Collaboration one: Martin Churba and Shilpa Chavan

Martin Churba

Martin Churba is one of South America's most celebrated textile designers

Martin Churba is one of South America's most celebrated fashion designers.

An experiment in creativity

Collaboration Culture
  • Seven-part series on TV and online
  • It pairs up 14 creative people from around the world to work together on a project
  • Find out how they get on with features and picture galleries in the Magazine
  • And watch each weekend from 30 June on BBC World News, Saturdays at 00:30 or 07:30, and Sundays at 12:30 or 18:30 (all times GMT)

Touted by Wallpaper* magazine as "the designer's designer", Churba, from Buenos Aires in Argentina, began his career as a photographer and moved into fashion design in the late 1990s after experimenting with printing his own photos onto fabric.

In 2003, he launched the multi-disciplinary design studio Tramando, producing everything from ready-to-wear dresses in his trademark heavy knits to avant-garde one-off garments and even home furnishings.

The creative hub of Tramando is based in a five-storey French colonial town house in Recoleta, one of the chicest districts of Buenos Aires.

And Churba has also opened Tramando stores in Tokyo and New York.

He is an innovator, creating textiles, shapes and textures - he describes his studio is his laboratory.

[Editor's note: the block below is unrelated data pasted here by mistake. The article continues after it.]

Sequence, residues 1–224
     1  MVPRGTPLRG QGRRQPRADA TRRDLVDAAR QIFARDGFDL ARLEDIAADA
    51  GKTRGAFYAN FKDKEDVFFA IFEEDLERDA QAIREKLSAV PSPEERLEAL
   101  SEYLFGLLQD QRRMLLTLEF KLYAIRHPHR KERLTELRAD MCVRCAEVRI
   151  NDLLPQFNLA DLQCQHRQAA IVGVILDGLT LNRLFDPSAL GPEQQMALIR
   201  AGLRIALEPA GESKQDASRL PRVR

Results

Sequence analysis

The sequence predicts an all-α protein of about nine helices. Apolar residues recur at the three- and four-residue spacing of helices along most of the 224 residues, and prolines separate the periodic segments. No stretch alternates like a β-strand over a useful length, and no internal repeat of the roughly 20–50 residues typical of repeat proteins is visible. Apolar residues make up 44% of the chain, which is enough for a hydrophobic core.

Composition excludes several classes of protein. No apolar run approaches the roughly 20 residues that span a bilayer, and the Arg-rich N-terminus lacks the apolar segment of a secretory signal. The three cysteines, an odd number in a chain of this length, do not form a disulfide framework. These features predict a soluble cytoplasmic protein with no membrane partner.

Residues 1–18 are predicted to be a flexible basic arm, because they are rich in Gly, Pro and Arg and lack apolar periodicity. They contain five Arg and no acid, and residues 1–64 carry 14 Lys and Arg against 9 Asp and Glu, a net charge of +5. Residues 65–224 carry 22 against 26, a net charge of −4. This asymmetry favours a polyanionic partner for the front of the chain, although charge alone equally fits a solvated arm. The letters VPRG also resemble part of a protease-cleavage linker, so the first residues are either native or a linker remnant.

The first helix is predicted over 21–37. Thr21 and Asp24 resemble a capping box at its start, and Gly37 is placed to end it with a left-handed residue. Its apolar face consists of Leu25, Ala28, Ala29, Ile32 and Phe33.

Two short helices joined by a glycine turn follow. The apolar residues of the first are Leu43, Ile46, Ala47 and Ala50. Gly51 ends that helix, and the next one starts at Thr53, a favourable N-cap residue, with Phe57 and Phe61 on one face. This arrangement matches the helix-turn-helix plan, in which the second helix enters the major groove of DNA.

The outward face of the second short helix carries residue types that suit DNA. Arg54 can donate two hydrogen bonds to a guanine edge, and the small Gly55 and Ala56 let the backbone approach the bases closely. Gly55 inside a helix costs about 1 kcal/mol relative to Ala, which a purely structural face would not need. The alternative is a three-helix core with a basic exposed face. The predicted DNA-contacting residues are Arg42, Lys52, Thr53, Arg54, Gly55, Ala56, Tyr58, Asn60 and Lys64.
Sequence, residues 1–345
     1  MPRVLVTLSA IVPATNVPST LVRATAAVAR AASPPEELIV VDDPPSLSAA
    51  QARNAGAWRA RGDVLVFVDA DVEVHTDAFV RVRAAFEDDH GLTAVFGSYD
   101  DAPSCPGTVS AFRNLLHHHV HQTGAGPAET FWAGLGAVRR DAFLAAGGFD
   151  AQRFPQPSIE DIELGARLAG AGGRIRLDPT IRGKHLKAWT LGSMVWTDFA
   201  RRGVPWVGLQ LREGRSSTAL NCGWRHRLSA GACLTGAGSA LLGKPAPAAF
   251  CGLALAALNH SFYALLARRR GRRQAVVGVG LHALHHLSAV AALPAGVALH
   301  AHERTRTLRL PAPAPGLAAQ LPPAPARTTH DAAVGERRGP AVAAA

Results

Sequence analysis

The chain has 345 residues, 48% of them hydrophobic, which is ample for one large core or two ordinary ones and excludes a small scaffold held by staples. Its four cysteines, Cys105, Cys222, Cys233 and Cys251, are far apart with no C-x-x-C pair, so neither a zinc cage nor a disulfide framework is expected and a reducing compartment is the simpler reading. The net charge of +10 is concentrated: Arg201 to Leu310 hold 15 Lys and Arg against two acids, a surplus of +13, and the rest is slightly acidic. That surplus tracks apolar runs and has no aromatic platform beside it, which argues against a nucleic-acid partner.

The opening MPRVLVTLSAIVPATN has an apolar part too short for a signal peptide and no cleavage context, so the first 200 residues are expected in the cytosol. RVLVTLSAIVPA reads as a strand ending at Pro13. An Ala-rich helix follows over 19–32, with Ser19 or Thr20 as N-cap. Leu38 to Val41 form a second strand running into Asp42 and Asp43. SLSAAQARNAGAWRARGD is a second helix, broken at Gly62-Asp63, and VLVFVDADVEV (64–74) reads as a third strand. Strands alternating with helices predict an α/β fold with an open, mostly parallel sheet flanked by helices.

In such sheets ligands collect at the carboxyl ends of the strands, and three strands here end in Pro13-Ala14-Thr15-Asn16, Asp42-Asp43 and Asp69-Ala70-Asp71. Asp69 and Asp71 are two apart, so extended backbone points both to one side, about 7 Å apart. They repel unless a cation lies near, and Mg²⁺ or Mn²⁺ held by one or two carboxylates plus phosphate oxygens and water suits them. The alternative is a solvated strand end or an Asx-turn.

Shilpa Chavan

Shilpa Chavan is a Mumbai-based artist and milliner

Shilpa Chavan, also known by the name of her fashion label Little Shilpa, is a milliner, stylist, designer and artist at the forefront of Mumbai's fashion scene.

Her designs, championed by Lady Gaga, have featured at London Fashion Week and been exhibited internationally at art galleries and museums.

Chavan's work is a marriage of art school flair and a love of traditional Mumbai culture, and she regularly dips her toes into conceptual art projects.

One such project saw her build a collection over just a few days entirely sourced from objects acquired at Bangalore's giant street markets.

She transformed objects as diverse as empty plastic bottles, children's toys and even market stall underwear into spectacular sculptures, hats and clothing.


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